I was cast as a starring role in the original cast of the world premiere of the stage show “An American In Paris” in 2008.
The show started at The Alley Theatre in Houston.
Far from Paris and Broadway, but The Great White Way was the eventual plan, and this production was the beginning.
I love being a part of the birth of a project. Exploring the show, the role and given the privilege of playing. My character was all French but just loved American Movies. At one point in the show I impersonated 10 different American Movies, and it was the first time you heard me without my French Accent. It was a very surprising part of the show but so fun! And I had such a ball impersonating everyone from Judy Garland to Greta Garbo.
On Opening Night, I was told by the heads of the Gershwin Estate that when this show gets to Broadway my role will earn me a Tony Nomination. I have never heard that before or since! I thought, Wow! If that comment isn’t job security, I don’t know what is? Whether I was going to get a Tony Nom or not, I believed in my soul that I was going to go on with the show and be on Broadway. I loved the show, the dancing, the comedy, the role was tailored made for me and everything I did well.
The show was a hit in Houston but honestly needed some revamping before it continued to Paris and then Broadway. That revamping included my role. The creatives decided to change the show and so, my lovely role ended with the production in Houston. In fact, no one from that production really continued on.
It wasn’t personal. It wasn’t intended or malicious. It wasn’t about my performance or anyone else’s at all. It was just what happened. That is what we as artists have signed up for in this business.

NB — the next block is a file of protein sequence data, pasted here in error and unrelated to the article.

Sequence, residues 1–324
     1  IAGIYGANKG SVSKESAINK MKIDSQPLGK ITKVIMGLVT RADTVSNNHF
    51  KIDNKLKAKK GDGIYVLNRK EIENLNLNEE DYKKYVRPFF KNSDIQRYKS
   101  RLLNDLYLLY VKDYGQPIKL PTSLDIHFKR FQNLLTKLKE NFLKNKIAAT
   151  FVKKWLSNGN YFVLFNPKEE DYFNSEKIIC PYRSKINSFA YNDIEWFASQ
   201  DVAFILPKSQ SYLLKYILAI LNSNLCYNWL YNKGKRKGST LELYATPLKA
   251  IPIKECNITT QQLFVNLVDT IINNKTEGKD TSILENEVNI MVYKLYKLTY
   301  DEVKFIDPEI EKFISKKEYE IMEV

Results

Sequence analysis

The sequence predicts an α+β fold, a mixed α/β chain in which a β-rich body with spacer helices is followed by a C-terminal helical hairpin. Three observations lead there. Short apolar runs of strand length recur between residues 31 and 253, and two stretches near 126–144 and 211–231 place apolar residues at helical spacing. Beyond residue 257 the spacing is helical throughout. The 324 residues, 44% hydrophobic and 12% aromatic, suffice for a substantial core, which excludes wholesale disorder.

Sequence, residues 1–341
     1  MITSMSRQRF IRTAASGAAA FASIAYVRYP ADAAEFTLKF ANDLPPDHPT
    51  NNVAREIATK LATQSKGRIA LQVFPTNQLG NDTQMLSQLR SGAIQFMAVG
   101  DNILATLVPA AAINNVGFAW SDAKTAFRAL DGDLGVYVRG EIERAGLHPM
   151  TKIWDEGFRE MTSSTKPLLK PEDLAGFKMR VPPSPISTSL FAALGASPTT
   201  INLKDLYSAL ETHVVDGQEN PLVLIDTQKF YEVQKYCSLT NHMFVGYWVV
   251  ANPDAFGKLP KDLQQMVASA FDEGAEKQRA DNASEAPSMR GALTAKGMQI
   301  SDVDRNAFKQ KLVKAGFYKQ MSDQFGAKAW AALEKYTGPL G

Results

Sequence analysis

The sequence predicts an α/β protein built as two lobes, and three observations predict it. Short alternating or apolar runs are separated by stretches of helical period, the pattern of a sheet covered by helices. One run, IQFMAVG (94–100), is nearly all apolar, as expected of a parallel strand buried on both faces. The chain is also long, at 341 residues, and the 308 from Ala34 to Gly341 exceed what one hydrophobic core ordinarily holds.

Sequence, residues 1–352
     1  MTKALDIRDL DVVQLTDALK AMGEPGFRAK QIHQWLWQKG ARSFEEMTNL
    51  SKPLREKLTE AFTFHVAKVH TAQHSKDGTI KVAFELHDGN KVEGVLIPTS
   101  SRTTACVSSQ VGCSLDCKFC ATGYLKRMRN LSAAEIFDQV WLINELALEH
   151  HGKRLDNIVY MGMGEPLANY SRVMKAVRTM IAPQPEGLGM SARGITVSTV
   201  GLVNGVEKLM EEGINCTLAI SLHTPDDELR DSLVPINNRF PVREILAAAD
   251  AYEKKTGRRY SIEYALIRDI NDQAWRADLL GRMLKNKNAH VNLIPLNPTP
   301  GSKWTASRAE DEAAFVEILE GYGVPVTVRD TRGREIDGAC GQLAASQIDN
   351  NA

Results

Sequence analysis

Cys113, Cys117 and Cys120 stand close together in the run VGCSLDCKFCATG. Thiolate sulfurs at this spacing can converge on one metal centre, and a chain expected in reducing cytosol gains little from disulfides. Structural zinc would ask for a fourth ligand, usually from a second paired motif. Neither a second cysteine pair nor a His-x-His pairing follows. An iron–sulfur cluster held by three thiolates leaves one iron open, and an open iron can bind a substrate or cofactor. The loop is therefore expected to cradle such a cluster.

And this isn’t the first time it has happened in my career....nor will it be the last time.
And I will admit. sometimes it feels very personal. It feels very silly, like when someone replaces you, regardless of skill, simply because they have more social media likes and followers (happens all the time). It hurts, it makes you take deep breath’s and maybe even cry. That’s ok. Give yourself your 5 minutes.
But then move on. Let it go and move on.
The point is you, as the artist, have to bounce back. Be resilient. Know it’s part of the game. You will find another role. You will get another job. You may not find something so perfectly suited for you and your skills, but that’s the game. You can’t live your life bitter and angry about what was not truly yours.
We have to be so emotionally accessable and yet incredibly thick skinned.
Every performer has these stories. Roles they didn’t get or were close to, that may have ended up giving the other actor an award or a career changing advantage.
Celebrate them anyway. Celebrate your part of this business, however complicated. I used to believe there was room for everyone to thrive in this crazy business, and the truth? There really isn’t. But maybe life has more in store for you?
What is meant for you will not pass you, what isn’t you can’t hold on to.
Let it go and love what you do, when you get the chance to do it.
I loved my role in “An American In Paris”. I know I knocked that role out of the park every performance. I got to work with some of the finest performers, creatives and musicians in the business. That was what I was supposed to do.
And that’s all I can do ❤️
These are confessions of my life as an actress working on Broadway, TV and Film for 20 years
Copyright 2017 M Patterson